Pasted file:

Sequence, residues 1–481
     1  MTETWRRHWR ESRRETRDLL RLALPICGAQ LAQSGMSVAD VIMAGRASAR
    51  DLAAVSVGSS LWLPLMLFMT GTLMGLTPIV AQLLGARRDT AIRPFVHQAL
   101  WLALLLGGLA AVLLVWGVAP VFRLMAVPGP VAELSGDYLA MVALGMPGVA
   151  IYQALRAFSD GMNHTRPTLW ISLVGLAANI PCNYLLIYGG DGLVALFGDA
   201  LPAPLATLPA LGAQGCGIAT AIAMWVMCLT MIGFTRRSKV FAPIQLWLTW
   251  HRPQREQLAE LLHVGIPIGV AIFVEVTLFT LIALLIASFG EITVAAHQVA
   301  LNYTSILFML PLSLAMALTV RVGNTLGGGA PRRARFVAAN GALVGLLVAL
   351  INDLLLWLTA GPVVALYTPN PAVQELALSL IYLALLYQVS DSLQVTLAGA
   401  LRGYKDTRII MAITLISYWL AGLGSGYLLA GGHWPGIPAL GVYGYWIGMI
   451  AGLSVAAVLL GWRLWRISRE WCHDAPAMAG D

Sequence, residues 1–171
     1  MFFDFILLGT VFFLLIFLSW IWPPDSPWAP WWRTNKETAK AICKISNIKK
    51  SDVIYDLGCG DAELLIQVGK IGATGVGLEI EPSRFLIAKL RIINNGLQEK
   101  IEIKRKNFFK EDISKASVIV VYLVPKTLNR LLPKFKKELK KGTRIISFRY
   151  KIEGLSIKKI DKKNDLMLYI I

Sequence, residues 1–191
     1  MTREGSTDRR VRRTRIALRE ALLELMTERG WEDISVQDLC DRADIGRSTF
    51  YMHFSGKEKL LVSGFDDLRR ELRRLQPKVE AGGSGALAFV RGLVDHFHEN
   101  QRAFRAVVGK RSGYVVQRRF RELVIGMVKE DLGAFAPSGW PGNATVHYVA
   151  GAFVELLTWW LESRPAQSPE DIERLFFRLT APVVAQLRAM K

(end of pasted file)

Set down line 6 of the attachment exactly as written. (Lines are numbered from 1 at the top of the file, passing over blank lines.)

   201  LPAPLATLPA LGAQGCGIAT AIAMWVMCLT MIGFTRRSKV FAPIQLWLTW